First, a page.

Elizabeth Bishop, Valentine
By Jill McDonoughFebruary 13, 2013
I’M GAY MARRIED to Josey Packard. When we were first dating, I gave her this poem.
The best part, the new black, the money shot: “and look what happens.” Josey and I say it all the time, meaning marriage. Its gold inlays, totaled pick-up trucks, hot girl-on-girl, and high-fiber snacks.
What happens: ceviche in central Mexico, micheladas made with fishy ice. Three hours in an airport lounge, an hour on a ferry. Crepey skin, creaky knees, double menopause, stat. Phosphorescence, Perseids, and Northern Lights. Ramos Gin Fizzes for breakfast, cold champagne at 4 a.m. Extra alive for all of it.
— Jill McDonough
Elizabeth Bishop, “The Shampoo”
The still explosions on the rocks,
the lichens, grow
by spreading, gray, concentric shocks.
They have arranged
to meet the rings around the moon, although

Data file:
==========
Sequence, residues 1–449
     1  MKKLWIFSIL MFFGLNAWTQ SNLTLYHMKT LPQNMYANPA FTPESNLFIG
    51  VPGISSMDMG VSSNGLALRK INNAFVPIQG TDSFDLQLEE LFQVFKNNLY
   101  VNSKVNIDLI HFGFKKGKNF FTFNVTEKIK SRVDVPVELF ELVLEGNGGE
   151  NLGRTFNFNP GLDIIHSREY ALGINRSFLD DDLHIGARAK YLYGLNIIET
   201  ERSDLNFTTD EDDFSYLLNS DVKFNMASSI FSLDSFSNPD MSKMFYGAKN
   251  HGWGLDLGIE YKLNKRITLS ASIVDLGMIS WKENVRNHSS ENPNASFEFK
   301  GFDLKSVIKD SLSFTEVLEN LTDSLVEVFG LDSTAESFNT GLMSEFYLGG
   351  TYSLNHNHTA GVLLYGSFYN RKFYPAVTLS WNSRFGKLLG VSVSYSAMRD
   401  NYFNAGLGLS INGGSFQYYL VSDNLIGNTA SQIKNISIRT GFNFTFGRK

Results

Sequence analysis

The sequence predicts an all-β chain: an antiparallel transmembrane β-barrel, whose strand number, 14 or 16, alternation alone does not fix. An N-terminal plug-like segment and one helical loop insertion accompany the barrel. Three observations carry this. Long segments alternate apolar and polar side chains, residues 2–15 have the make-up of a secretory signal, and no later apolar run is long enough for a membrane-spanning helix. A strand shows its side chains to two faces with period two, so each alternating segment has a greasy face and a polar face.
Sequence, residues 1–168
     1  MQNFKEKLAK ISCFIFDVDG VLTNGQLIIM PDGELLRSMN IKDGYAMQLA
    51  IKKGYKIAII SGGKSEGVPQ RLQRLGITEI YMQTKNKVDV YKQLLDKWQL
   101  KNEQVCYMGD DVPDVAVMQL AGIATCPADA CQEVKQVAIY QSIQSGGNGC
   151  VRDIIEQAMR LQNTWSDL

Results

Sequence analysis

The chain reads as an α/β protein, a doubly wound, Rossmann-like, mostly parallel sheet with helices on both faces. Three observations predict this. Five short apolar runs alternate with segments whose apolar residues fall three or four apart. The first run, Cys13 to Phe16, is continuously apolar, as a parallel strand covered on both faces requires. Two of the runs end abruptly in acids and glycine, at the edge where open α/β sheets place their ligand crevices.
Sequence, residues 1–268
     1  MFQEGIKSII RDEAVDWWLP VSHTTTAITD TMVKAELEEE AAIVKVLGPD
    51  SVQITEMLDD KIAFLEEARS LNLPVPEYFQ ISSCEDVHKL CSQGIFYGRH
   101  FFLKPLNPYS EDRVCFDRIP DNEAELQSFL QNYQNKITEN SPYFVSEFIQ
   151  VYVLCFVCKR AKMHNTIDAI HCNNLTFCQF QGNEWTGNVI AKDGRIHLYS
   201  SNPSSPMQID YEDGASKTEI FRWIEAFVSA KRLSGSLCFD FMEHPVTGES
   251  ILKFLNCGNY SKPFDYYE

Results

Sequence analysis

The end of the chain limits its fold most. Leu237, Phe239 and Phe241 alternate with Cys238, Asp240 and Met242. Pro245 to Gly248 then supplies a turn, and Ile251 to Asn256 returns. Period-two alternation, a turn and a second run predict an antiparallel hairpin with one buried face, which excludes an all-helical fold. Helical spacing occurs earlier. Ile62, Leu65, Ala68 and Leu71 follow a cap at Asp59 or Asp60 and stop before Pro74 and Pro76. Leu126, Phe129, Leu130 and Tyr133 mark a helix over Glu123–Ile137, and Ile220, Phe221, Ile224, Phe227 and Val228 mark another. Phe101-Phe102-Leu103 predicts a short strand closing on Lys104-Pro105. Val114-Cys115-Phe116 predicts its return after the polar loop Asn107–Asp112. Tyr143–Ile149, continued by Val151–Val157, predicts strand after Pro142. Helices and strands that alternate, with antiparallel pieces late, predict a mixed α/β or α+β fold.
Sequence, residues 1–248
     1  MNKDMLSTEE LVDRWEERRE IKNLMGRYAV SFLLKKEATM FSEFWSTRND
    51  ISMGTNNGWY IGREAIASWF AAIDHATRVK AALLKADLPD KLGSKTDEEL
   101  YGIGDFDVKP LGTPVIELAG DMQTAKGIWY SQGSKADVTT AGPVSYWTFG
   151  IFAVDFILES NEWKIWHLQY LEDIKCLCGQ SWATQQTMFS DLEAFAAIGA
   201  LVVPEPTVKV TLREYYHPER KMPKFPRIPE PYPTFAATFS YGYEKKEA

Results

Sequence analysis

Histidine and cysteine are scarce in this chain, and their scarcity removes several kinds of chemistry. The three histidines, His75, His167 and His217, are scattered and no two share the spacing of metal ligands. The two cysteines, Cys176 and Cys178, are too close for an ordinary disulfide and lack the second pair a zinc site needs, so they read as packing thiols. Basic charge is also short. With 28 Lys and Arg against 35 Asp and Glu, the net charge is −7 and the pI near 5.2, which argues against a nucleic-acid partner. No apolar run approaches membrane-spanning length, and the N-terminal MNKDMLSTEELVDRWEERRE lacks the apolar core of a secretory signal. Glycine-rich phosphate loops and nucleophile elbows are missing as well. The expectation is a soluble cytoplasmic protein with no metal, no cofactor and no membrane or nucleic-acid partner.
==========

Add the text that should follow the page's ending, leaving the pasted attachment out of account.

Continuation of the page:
within our memories they have not changed.
And since the heavens will attend
as long on us,
you've been, dear friend,
precipitate and pragmatical;
and look what happens. For Time is
nothing if not amenable.
The shooting stars in your black hair
in bright formation
are flocking where,
so straight, so soon? –
Come, let me wash it in this big tin basin,
battered and shiny like the moon.
Jill McDonough's books of poems include Habeas Corpus (Salt, 2008), Oh, James! (Seven Kitchens, 2012), and Where You Live (Salt, 2012). The recipient of fellowships from the National Endowment for the Arts, the Fine Arts Work Center, the New York Public Library, the Library of Congress, and Stanford’s Stegner program, she taught incarcerated college students through Boston University’s Prison Education Program for thirteen years. She teaches poetry at UMass-Boston and directs 24PearlStreet, the online writing program at the Fine Arts Work Center.
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